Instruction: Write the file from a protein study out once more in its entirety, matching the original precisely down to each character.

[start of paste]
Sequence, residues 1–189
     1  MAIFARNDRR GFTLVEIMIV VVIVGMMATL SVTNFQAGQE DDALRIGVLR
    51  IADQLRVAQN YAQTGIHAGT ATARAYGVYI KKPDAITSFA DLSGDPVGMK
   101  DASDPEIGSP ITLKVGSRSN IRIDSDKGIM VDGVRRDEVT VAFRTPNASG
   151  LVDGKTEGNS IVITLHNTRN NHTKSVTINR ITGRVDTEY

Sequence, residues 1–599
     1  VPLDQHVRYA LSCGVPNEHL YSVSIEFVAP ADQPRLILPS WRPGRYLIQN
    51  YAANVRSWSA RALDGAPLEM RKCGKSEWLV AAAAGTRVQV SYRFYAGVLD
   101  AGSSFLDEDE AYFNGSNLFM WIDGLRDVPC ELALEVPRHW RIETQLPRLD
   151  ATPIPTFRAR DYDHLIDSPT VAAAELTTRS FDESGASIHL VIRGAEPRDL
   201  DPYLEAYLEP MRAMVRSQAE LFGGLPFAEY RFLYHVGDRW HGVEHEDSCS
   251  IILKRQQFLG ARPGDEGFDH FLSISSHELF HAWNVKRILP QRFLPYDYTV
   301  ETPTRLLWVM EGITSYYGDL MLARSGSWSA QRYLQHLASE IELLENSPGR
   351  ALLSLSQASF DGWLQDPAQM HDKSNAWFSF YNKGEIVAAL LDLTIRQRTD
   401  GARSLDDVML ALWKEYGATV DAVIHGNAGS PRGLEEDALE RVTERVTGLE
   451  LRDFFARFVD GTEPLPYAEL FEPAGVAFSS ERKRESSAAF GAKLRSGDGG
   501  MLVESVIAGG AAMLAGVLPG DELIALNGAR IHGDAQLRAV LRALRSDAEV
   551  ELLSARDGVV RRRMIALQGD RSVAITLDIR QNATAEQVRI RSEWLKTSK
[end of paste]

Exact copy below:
Sequence, residues 1–189
     1  MAIFARNDRR GFTLVEIMIV VVIVGMMATL SVTNFQAGQE DDALRIGVLR
    51  IADQLRVAQN YAQTGIHAGT ATARAYGVYI KKPDAITSFA DLSGDPVGMK
   101  DASDPEIGSP ITLKVGSRSN IRIDSDKGIM VDGVRRDEVT VAFRTPNASG
   151  LVDGKTEGNS IVITLHNTRN NHTKSVTINR ITGRVDTEY

Sequence, residues 1–599
     1  VPLDQHVRYA LSCGVPNEHL YSVSIEFVAP ADQPRLILPS WRPGRYLIQN
    51  YAANVRSWSA RALDGAPLEM RKCGKSEWLV AAAAGTRVQV SYRFYAGVLD
   101  AGSSFLDEDE AYFNGSNLFM WIDGLRDVPC ELALEVPRHW RIETQLPRLD
   151  ATPIPTFRAR DYDHLIDSPT VAAAELTTRS FDESGASIHL VIRGAEPRDL
   201  DPYLEAYLEP MRAMVRSQAE LFGGLPFAEY RFLYHVGDRW HGVEHEDSCS
   251  IILKRQQFLG ARPGDEGFDH FLSISSHELF HAWNVKRILP QRFLPYDYTV
   301  ETPTRLLWVM EGITSYYGDL MLARSGSWSA QRYLQHLASE IELLENSPGR
   351  ALLSLSQASF DGWLQDPAQM HDKSNAWFSF YNKGEIVAAL LDLTIRQRTD
   401  GARSLDDVML ALWKEYGATV DAVIHGNAGS PRGLEEDALE RVTERVTGLE
   451  LRDFFARFVD GTEPLPYAEL FEPAGVAFSS ERKRESSAAF GAKLRSGDGG
   501  MLVESVIAGG AAMLAGVLPG DELIALNGAR IHGDAQLRAV LRALRSDAEV
   551  ELLSARDGVV RRRMIALQGD RSVAITLDIR QNATAEQVRI RSEWLKTSK